Michele Fava, Rosario Fazio, and Angelo Russomanno

We provide evidence that a clean kicked Bose-Hubbard model exhibits a many-body dynamically localized phase. This phase shows ergodicity breaking up to the largest sizes we were able to consider. We argue that this property persists in the limit of large size. The Floquet states violate eigenstate thermalization and then the asymptotic value of local observables depends on the initial state and is not thermal. This implies that the system does not generically heat up to infinite temperature, for almost all the initial states. Differently from many-body localization here the entanglement entropy linearly increases in time. This increase corresponds to space- delocalized Floquet states which are nevertheless localized across specific subsectors of the Hilbert space: In this way the system is prevented from randomly exploring all the Hilbert space and does not thermalize.

Phys. Rev. B 101, 064302 (2020)

The Kibble-Zurek mechanism at exceptional points
Balazs Dora, Markus Heyl, Roderich Moessner

Exceptional points (EPs) are ubiquitous in non-Hermitian systems, and represent the complex counterpart of critical points. By driving a system through a critical point at finite rate induces defects, described by the Kibble-Zurek mechanism, which finds applications in diverse fields of physics. Here we generalize this to a ramp across an EP. We find that adiabatic time evolution brings the system into an eigenstate of the final non-Hermitian Hamiltonian and demonstrate that for a variety of drives through an EP, the defect density scales as τ-(d + z)ν/(zν + 1) in terms of the usual critical exponents and 1/τ the speed of the drive. Defect production is suppressed compared to the conventional Hermitian case as the defect state can decay back to the ground state close to the EP. We provide a physical picture for the studied dynamics through a mapping onto a Lindblad master equation with an additionally imposed continuous measurement.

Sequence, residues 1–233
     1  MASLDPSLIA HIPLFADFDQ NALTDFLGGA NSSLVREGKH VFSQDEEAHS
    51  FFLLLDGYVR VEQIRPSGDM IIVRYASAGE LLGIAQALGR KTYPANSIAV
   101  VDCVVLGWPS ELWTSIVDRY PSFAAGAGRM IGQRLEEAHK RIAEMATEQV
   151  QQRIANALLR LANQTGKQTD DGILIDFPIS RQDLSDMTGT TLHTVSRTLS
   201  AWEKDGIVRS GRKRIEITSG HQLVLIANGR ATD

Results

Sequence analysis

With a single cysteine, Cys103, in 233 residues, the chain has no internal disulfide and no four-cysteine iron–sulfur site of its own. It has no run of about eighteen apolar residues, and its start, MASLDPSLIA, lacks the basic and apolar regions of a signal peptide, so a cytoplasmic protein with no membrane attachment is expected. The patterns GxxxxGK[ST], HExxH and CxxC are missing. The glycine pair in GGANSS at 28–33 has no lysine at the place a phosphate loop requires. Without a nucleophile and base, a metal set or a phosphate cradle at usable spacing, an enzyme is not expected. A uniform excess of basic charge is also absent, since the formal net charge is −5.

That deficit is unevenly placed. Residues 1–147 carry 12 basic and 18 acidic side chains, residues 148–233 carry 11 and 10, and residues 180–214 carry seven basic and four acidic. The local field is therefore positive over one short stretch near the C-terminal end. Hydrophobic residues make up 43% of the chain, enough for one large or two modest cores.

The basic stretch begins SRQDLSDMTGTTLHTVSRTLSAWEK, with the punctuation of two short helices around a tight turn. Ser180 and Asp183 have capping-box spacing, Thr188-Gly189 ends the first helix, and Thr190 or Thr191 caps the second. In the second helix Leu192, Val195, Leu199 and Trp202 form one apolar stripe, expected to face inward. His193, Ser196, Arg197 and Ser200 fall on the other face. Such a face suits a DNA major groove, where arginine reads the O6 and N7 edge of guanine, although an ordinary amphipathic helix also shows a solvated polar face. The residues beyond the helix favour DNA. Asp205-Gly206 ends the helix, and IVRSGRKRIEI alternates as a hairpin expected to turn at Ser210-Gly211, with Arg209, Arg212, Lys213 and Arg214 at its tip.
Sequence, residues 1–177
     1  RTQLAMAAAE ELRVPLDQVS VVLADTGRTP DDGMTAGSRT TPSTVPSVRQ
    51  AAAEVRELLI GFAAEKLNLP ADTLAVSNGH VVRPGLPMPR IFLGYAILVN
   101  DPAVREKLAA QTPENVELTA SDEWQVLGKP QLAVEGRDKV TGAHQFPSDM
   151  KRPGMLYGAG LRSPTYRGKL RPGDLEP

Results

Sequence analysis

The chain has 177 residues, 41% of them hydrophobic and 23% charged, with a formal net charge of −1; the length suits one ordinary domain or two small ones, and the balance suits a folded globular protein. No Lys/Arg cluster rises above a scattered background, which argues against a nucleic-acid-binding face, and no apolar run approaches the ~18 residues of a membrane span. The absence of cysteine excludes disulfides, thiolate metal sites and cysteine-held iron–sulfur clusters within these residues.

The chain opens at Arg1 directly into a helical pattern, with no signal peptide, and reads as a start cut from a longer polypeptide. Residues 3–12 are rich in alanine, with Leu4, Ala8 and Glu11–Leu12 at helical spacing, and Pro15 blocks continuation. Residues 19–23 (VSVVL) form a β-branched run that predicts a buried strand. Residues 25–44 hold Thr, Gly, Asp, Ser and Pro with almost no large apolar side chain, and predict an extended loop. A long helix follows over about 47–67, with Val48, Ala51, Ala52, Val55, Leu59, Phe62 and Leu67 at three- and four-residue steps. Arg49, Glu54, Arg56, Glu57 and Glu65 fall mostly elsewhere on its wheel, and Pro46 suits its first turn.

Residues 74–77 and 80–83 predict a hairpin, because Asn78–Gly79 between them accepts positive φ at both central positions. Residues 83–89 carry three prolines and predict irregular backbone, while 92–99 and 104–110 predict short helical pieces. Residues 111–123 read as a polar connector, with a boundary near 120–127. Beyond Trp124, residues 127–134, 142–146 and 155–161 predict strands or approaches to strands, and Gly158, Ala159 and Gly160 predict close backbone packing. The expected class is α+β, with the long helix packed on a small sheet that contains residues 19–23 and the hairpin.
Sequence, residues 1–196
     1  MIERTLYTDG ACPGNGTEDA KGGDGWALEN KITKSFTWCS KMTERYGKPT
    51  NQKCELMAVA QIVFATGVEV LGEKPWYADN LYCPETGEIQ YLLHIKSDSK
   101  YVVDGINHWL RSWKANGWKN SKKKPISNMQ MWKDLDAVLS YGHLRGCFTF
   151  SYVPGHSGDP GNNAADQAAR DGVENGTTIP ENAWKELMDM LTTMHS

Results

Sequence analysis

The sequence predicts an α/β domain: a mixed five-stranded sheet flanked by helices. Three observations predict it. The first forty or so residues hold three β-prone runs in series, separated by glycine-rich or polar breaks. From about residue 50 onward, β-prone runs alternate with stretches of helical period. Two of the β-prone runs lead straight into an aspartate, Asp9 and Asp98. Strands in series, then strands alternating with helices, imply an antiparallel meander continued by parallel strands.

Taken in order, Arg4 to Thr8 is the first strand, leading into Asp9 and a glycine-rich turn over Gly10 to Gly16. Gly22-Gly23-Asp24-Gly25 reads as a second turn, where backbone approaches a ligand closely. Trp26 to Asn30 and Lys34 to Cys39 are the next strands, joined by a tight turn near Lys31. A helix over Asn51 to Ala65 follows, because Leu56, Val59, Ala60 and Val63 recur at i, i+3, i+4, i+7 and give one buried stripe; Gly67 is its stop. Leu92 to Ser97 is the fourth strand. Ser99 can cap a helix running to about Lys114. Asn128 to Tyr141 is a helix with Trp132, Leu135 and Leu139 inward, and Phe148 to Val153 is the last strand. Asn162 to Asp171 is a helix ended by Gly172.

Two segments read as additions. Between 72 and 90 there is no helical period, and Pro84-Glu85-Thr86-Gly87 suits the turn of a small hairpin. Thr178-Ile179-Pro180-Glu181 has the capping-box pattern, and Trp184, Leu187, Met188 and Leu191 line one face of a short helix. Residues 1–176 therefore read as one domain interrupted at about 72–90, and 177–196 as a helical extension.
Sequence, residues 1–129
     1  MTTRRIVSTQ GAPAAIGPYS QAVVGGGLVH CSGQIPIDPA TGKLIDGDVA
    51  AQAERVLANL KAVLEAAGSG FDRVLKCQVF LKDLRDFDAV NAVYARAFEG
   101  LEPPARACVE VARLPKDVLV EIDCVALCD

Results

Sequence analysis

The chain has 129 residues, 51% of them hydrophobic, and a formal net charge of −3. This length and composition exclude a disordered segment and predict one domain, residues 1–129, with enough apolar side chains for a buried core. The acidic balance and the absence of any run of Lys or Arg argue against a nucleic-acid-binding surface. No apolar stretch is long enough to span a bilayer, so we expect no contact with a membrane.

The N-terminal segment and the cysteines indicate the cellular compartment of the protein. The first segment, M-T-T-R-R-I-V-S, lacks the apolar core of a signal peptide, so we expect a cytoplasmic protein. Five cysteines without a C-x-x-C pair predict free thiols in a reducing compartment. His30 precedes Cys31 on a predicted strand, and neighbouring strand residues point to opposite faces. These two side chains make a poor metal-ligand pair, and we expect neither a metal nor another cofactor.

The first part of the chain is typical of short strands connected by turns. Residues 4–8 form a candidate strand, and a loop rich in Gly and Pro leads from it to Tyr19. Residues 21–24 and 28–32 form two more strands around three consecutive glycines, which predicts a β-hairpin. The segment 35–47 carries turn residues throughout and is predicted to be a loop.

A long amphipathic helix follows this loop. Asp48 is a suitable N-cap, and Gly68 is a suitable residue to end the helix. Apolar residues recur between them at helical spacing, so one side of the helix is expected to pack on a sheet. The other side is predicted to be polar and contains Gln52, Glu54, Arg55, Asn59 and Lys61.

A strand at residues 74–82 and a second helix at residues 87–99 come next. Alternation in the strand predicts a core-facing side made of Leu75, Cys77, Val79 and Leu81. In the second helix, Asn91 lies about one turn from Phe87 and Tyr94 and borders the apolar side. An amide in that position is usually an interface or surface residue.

Nat. Commun. 10, 2254 (2019)

Quantum paracrystalline shear modes of the electron liquid
J. Y. Khoo, P.-Y. Chang, F. Pientka, I. Sodemann

Unlike classical fluids, a quantum Fermi liquid can support a long-lived and propagating shear sound wave at arbitrarily small wave vectors and frequencies, reminiscent of the transverse sound in crystals, despite lacking any form of long-range crystalline order. This mode is expected to be present in moderately interacting metals where the quasiparticle mass is renormalized to be more than twice the bare mass in two dimensions (2D), but it has remained undetected because it is hard to excite since it does not involve charge density fluctuations, in contrast to the conventional plasma mode. In this work we propose a strategy to excite and detect this unconventional mode in clean metallic channels. We show that the shear sound is responsible for the appearance of sharp dips in the ac conductance of narrow channels at resonant frequencies matching its dispersion. The liquid resonates while minimizing its dissipation in an analogous fashion to a sliding crystal. Ultraclean 2D materials that can be tuned toward the Wigner crystallization transition such as silicon metal-oxide-semiconductor field-effect transistors, MgZnO/ZnO, p- GaAs, and AlAs quantum wells are promising platforms to experimentally discover the shear sound.